PETA’s experiential leather pop-up shocks shoppers


WARNING: This article/video contains scenes of a disturbing nature.

If you’re a fan of leather bags and belts, then this campaign might just change your mind.

Global animal rights organisation PETA (People for the Ethical Treatment of Animals) is well-known for its extreme, attention-grabbing stunts. The organisation has now used an experiential pop-up for one of its most shocking campaigns to date.


PETA Asia launched a pop-up shop in one of Bangkok’s trendiest shopping centres. The ‘Leather Work’ store appeared to be selling bags, belts and jackets made from exotic-skins.

But when potential customers took a closer look, all wasn’t as it seemed.

Delving deeper into the accessories, shoppers were stunned to find that the items were full of highly realistic, moving animal parts. One bag contained gruesome internal organs; another comprised a still-beating heart. The most horrific item though was a pair of gloves that covered anyone who tried them on in blood.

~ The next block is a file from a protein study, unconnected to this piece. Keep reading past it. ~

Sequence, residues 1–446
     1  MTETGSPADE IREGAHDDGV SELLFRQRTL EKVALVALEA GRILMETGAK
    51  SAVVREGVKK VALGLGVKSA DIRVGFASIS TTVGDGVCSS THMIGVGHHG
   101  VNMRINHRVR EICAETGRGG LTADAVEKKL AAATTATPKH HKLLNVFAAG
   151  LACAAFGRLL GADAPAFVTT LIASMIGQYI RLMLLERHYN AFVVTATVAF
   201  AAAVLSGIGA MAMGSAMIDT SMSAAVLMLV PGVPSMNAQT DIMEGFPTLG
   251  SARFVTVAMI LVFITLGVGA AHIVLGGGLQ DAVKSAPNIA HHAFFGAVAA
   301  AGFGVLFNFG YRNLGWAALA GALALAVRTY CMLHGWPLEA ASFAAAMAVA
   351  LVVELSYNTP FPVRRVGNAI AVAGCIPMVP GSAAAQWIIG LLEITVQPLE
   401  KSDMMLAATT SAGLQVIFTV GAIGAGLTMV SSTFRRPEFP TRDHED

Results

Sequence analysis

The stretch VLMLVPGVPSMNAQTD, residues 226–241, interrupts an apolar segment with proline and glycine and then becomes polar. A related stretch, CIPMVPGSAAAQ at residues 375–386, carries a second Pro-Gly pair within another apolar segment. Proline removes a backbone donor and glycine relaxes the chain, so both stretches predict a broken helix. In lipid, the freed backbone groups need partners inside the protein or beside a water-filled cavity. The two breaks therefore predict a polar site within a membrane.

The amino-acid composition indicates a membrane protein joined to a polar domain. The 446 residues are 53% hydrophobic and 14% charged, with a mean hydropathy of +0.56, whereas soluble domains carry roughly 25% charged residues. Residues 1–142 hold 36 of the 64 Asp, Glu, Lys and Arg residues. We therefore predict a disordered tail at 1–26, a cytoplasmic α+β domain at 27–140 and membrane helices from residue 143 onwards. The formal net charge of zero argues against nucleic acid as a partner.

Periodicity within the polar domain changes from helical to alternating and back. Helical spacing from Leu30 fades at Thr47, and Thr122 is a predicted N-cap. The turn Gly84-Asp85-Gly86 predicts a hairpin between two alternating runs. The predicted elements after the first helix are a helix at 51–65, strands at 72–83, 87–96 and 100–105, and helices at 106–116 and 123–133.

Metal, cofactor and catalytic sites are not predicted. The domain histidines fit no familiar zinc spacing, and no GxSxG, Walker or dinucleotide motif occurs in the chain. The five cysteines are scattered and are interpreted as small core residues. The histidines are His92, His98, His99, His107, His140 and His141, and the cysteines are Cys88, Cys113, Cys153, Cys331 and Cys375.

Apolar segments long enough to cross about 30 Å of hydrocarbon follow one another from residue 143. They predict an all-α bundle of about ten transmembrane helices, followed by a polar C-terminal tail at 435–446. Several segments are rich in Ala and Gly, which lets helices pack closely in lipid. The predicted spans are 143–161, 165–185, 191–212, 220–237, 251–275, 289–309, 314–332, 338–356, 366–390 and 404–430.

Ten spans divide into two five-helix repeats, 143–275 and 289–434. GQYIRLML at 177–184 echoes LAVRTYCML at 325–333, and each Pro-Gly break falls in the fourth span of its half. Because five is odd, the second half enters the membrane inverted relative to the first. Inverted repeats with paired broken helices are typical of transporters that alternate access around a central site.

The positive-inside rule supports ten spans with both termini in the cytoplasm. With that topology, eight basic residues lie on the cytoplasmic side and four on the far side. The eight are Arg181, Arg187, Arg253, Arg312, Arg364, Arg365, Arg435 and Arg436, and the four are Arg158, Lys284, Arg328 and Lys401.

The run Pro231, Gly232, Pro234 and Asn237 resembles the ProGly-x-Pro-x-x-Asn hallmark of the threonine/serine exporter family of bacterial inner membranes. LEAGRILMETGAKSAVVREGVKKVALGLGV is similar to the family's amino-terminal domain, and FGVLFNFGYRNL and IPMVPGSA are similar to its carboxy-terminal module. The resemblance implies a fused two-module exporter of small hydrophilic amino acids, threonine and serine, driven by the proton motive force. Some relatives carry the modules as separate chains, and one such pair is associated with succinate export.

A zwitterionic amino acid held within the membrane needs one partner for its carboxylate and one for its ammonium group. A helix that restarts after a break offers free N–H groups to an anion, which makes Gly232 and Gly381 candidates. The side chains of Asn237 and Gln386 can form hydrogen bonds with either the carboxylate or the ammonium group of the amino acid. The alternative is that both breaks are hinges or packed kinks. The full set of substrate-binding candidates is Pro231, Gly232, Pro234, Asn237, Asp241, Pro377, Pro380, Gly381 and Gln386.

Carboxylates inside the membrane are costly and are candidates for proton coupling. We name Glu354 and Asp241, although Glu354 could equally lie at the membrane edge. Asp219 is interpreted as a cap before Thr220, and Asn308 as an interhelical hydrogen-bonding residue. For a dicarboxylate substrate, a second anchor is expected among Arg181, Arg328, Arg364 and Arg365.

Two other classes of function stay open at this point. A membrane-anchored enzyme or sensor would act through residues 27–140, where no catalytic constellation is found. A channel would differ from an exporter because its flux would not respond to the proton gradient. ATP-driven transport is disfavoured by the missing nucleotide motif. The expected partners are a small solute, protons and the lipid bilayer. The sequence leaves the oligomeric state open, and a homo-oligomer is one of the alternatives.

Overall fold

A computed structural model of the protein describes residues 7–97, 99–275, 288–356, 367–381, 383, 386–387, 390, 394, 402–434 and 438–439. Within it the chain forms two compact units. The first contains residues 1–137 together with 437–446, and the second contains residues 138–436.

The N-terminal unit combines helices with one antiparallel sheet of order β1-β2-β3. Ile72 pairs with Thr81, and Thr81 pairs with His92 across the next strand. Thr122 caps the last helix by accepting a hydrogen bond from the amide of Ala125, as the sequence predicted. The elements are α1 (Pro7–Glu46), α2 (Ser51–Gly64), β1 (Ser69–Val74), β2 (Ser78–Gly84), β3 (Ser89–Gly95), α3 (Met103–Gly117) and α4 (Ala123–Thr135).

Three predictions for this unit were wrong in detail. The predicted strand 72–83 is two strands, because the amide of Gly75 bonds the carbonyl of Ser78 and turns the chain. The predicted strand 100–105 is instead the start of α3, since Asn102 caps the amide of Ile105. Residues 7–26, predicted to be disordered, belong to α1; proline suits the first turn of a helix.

Although the body parts were of course fake, they looked very real, resulting in cries of shock and horror from the shoppers.

The stunt was captured in a powerful video protesting cruelty in the leather industry, with PETA using it as a prime opportunity to promote the message that people are often blind to animal cruelty. The video has racked up over 2 million views to date, with the total continuing to rise by the day.

WARNING: This video contains scenes of a disturbing nature.

Similar to TECHO’s pop-up slum and Bellefaire JCB’s powerful experiential stunt, PETA’s latest campaign shows how face-to-face activations can bring home uncomfortable issues in hugely powerful ways.

Author bio


With nearly 30 years of marketing experience, both client and agency side, I’ve acquired a rare perspective on brands and business: I believe you have to challenge things creatively if you want to grow sales. Consumer technology is reshaping our world, and it’s only the great brands that stay on the crest.